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Gut microbiome, genes, and fibre interactions may trigger IBD

Article-Gut microbiome, genes, and fibre interactions may trigger IBD

© iStock/Pongtep Chithan Gut microbiome, genes, and fibre interactions may trigger IBD
A study has revealed the possible triggers for inflammatory bowel disease (IBD), as researchers identify specific interactions between diet, genes, and the gut microbiota as the most likely explanation.

Findings show that a fibre-deprived gut microbiota deteriorates the protective mucus lining in the colon, triggering IBD development in a genetically susceptible host that could form the basis of future treatments.

“These findings open avenues for potential interventions in humans, including optimising exclusive enteral nutrition formulations and manipulating commensal bacteria to enhance beneficial metabolites,” said senior study author Professor Mahesh Desai.

“By unravelling the intricate connections between diet, gut microbiome, and metabolites, we aim to pave the way for more targeted interventions and treatments for IBD patients.”

Effects of fibre on inflammation and role of an enteral nutrition diet

Interestingly, the study found that feeding subjects with a fibre-rich diet prevented inflammation from developing, and that a switch from a low-fibre to a high-fibre diet led to a peak in inflammation, followed by a decline.

The team, from the Luxembourg Institute of Health and the University of Michigan Medical School, concluded that fibre can reverse the deleterious effects of mucus erosion on inflammation.

Ironically, IBD, especially in children, is often treated with a formula-based diet called exclusive enteral nutrition, which lacks fibre.

Despite a lack of fibre, this diet does result in reduced inflammation in people, which the research team could not explain.

“It seems one of the ways these exclusive enteral nutrition diets could possibly work in people is by triggering certain bacteria to make beneficial metabolites,” said Eric C Martens, study team member and professor of microbiology and immunology at the University of Michigan Medical School.

Fibre-free diet may increase reactions to increased numbers of mucin-degrading bacteria

The study, which was published in the journal Cell Host and Microbe, also found that the inflammation triggered by the fibre-free diets appeared to increase in reaction to the increased abundance of mucin-degrading bacteria Akkermansia muciniphila and Bacteroides caccae.

“These bacteria start foraging on the mucus layer for nutrients, reducing its thickness and barrier function, and brings microbes just 10 to 100 microns closer to the host tissue. That was enough in subjects with IBD genetics to make them sick,” said Martens.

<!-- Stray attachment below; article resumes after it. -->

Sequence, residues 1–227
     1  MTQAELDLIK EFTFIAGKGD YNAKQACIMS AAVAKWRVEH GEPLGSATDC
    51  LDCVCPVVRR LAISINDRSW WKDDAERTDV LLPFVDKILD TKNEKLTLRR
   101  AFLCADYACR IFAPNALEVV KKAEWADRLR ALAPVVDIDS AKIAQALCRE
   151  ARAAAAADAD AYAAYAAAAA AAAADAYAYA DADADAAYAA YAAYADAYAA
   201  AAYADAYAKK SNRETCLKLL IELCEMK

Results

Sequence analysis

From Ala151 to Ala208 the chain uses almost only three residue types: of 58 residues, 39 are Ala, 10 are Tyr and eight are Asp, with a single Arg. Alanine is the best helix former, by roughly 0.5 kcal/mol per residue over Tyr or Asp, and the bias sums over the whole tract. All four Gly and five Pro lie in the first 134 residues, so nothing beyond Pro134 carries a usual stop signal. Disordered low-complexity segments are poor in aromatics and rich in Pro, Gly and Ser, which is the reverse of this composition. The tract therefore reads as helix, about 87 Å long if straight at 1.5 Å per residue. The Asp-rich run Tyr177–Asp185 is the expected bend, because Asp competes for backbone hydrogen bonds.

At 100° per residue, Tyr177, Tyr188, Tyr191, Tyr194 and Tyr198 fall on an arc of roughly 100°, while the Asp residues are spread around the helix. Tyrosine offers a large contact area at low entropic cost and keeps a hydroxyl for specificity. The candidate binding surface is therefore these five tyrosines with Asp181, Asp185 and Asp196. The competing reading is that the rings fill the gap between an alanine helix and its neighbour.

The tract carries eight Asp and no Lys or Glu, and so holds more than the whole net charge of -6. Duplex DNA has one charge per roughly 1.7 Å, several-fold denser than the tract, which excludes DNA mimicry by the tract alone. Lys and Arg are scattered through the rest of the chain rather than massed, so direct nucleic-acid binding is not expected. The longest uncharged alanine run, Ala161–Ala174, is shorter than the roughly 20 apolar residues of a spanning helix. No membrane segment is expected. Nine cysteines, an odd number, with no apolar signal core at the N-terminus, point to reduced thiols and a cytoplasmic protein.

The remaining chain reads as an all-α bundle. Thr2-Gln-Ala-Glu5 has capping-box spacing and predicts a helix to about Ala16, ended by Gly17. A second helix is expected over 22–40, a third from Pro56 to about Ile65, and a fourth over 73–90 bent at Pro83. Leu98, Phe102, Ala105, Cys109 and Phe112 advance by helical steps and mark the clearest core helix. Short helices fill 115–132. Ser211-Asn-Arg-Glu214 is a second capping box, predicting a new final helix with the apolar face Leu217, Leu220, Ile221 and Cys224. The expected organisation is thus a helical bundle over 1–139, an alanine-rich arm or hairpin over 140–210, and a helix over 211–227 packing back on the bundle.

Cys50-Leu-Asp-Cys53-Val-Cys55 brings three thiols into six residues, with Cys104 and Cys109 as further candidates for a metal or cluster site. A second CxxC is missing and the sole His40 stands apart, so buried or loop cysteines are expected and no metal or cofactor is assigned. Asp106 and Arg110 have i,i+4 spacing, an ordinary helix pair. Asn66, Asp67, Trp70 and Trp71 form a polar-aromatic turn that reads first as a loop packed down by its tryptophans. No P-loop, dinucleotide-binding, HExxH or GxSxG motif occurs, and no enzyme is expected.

Encouraged by these findings, the team now plan to further investigate how diet and bacteria interact to improve on therapies for paediatric IBD, as well as to answer how to potentially reverse or prevent the onset of these diseases by manipulation of these environmental triggers.

“Our findings suggest a potential new path for treating IBD. By tailoring specific dietary interventions to influence gut microbiome function, we may be able to manipulate these bacterial communities to alleviate inflammation,” said first study author Gabriel Pereira.

IBD and its link to ‘Westernised’ low-fibre diets

The findings come as incidences of IBD increase amid increasing industrialisation, and as more immigrant populations move to industrialised countries.

Dietary changes associated with this shift, characterised by decreased fibre and increased processed foods, emulsifiers, and sugars, have been identified as potential triggers for IBD.

It has been well established that microbes inhabiting the gut are continuously influenced by diet, especially fibre polysaccharides that are not digested in the upper gastrointestinal tract and arrive in the colon, providing nutrients for microbes.

Several studies that have fed subjects a low-fibre, high-sugar, or other “Westernised” diet have shown changes in the microbiome that are linked to reduced integrity of the mucus barrier.

This includes increased activity of mucin-degrading bacteria and reduced mucus thickness and increased mucus penetrability.

“As IBDs persist as global challenges, our research offers valuable insights to advance the understanding and treatment of these complex diseases,” added Desai, who is group leader of the eco-immunology and microbiome team at the Luxembourg Institute of Health.